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Stocks hit new records as policymakers face challenging task ahead

Weekly market perspectives

Both the S&P 500 Index and NASDAQ Composite closed last week higher. Each Index is up seven of the previous eight weeks and higher in sixteen of the last eighteen weeks. On the latter, that’s the longest such winning streak in over fifty years. In our view, strength across the stock market this year continues to defy skeptics and, importantly, seems to be building momentum. The S&P 500 topped 5,100 for the first time last week after surpassing 5,000 for the first time just a few weeks ago. The Index has made fifteen record highs in 2024 and on the back of continued strength across Information Technology and Communication Services. Interestingly, the NASDAQ crossed a record high last week for the first time since November 2021. The tech-heavy index had gone 569 trading days without recording a new all-time high. And while that seems like a long stretch, it's only the fourth longest on record. According to Bespoke Investment Group, the longest stretch between record closes for the NASDAQ occurred from March 2000 through 2015, or 3,801 trading days.

“Supportive U.S. economic data, improving profit growth, and earnings outlooks that remained stable throughout the fourth quarter reporting season are key factors that kept stocks in an upward trend during February.”

Anthony Saglimbene - Chief Market Strategist, Ameriprise Financial

On the week, the Russell 2000 Index outpaced the S&P 500 by 200 basis points and continues to be a source of interest for investors looking to find areas that have not kept pace with the strong gains across other more expensive areas of the market, such as Big Tech. However, with 2-year and 10-year U.S. Treasury yields higher year-to-date and Federal Reserve rate cut expectations coming down, the interest rate-sensitive nature of small-caps has some investors remaining cautious on the asset category.

That said, government bond yields fell last week, with the 2-year Treasury yield finishing just above 4.50% – the lowest level since February 15. The U.S. Dollar Index was little changed on the week, and Gold climbed over +2.0%, posting its best week in two months. West Texas Intermediate (WTI) crude added roughly +3.0%, touching $80 per barrel for the first time since November.

Notably, the major U.S. stock benchmarks closed out February higher for the fourth straight month. The NASDAQ gained more than +6.0% in February, while the S&P 500 climbed over +5.0%. With inflation trends as well as Fed rate cut expectations roughly aligned with realistic assessments of the macroeconomic backdrop, stock prices have been able to grind higher over several weeks. In February, smaller-cap growth stocks outperformed, while Consumer Discretionary was the top-performing S&P 500 sector during the month. Interestingly, Industrials and Materials modestly outperformed Information Technology and Communication Services in February, indicating a slight shift in tone toward cyclical value areas. That said, the Magnificent Seven combined posted their best month of performance in nine months. However, with the backup in yields in February (e.g., the 10-year U.S. Treasury yield jumped nearly 40 basis points last month), most bond proxies finished the month lower. In addition, the market priced out roughly 60 basis points in Federal Reserve rate cuts in February, also putting some upward pressure on rates and downward pressure on bond prices. Bottom line: Supportive U.S. economic data, improving profit growth, and earnings outlooks that remained stable throughout the fourth quarter reporting season are key factors that kept stocks in an upward trend during February.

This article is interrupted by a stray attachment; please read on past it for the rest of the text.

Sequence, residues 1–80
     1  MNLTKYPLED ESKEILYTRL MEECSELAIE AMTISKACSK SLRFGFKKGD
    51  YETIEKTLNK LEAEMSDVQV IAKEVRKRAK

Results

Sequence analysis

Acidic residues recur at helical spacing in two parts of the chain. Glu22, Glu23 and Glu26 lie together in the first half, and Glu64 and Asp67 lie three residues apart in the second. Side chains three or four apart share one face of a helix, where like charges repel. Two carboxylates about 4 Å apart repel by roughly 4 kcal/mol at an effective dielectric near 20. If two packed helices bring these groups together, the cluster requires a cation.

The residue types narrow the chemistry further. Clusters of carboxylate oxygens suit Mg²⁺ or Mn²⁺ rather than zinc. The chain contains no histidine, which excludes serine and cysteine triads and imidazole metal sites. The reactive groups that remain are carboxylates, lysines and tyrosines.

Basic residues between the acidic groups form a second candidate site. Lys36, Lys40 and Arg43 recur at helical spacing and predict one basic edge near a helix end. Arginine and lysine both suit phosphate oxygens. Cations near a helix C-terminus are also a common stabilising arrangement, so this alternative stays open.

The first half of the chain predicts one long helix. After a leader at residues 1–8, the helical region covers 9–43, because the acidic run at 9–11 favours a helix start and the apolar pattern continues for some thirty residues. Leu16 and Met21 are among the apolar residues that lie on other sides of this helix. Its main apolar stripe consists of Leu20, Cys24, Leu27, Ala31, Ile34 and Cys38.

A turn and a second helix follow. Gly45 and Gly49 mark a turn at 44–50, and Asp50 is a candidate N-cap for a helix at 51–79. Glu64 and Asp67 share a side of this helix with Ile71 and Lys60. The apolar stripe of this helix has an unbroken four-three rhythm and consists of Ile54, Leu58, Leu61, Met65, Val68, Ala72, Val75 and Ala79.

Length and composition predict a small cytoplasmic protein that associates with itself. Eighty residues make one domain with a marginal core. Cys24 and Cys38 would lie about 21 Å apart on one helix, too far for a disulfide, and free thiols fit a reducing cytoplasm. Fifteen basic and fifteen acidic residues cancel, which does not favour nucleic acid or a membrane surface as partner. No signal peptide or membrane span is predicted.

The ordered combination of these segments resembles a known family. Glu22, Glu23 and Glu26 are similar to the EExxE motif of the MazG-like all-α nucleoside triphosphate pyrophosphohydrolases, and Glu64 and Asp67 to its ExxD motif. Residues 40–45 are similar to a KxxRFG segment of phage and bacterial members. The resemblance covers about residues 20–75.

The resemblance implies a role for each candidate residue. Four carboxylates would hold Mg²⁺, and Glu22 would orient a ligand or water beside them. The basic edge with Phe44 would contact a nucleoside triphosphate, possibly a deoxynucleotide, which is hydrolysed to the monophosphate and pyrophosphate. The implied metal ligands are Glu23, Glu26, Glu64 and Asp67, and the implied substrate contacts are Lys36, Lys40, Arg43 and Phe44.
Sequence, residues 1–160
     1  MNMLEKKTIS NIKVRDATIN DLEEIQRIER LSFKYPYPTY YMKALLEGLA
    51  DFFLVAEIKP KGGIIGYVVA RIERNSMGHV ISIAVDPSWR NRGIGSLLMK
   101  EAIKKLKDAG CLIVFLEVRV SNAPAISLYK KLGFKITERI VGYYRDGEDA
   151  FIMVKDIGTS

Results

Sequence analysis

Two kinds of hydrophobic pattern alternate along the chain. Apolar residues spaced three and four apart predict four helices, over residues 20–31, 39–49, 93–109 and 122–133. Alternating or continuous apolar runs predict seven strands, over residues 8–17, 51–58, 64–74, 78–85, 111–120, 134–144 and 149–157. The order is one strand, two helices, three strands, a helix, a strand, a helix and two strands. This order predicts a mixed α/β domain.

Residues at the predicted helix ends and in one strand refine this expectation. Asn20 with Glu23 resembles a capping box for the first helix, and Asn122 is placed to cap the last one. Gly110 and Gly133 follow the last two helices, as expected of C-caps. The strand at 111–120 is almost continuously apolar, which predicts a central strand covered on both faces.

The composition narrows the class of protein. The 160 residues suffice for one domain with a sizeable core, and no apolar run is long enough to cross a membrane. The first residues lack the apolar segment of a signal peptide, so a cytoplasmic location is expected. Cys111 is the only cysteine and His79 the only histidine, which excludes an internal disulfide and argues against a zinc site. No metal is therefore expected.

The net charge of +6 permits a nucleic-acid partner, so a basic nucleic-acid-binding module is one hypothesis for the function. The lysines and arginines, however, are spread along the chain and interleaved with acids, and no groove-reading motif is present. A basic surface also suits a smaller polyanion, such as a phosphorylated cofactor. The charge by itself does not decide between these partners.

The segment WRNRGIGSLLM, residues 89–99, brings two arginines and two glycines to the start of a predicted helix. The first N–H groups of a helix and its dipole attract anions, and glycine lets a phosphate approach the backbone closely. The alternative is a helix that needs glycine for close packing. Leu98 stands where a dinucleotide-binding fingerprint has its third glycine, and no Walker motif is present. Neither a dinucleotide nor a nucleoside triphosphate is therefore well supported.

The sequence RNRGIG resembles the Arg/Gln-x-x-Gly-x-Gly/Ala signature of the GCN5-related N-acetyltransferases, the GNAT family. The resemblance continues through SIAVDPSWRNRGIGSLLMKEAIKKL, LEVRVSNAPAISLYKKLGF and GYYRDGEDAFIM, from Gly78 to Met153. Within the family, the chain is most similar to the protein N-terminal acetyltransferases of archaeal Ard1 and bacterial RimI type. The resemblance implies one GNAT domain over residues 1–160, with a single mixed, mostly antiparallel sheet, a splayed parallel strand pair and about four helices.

In Europe, the MSCI United Kingdom Index finished February essentially flat, while the MSCI European ex-UK Index gained +2.0%. Anemic growth trends, combined with still elevated inflation, have dampened rate cut expectations from the Bank of England and European Central Bank. However, unlike in the U.S., where economic growth has remained solid and helped to support stock prices, the absence of major growth catalysts (e.g., AI) weighed on European equities last month. In Asia, the MSCI All-Country Asia Pacific ex-Japan Index rose nearly +6.0% in February. Strong performance out of Taiwan, South Korea, and India helped push Asian stocks higher last month. Notably, China experienced improved performance in February, as officials lowered key lending rates and signaled a willingness to add further fiscal and monetary support if necessary.

Policymakers facing a challenging task  

Here at home, an update on the Fed’s preferred inflation measure was the data point to watch last week. On an annual basis, the headline Personal Consumption Expenditure Price Index rose +2.4% in January, matching estimates and down from the +2.6% pace seen in December. Notably, Core PCE, which excludes food and energy, came in at +2.8% last month, also matching estimates and down from +2.9% in December. It’s worth noting that annualized measures of PCE are now back to early 2021 levels, with upside pressures last month largely coming from services. Bottom line: Several updates on the inflation front over the last few weeks suggest price pressures remain on a downward-sloping trend. However, some service components across the various reports remain stubbornly elevated, which likely keeps the Federal Reserve on the sidelines over the near term. This means that Fed messaging on wanting to wait for more data to assess their next move and to ensure inflation is on trend to target is something investors should take to heart. 

While the Fed is very unlikely to raise its fed funds target rate from here, it’s also not in a position to cut rates anytime soon. Importantly, the market appears fine with this dynamic (for now) and could keep a tailwind behind stock prices.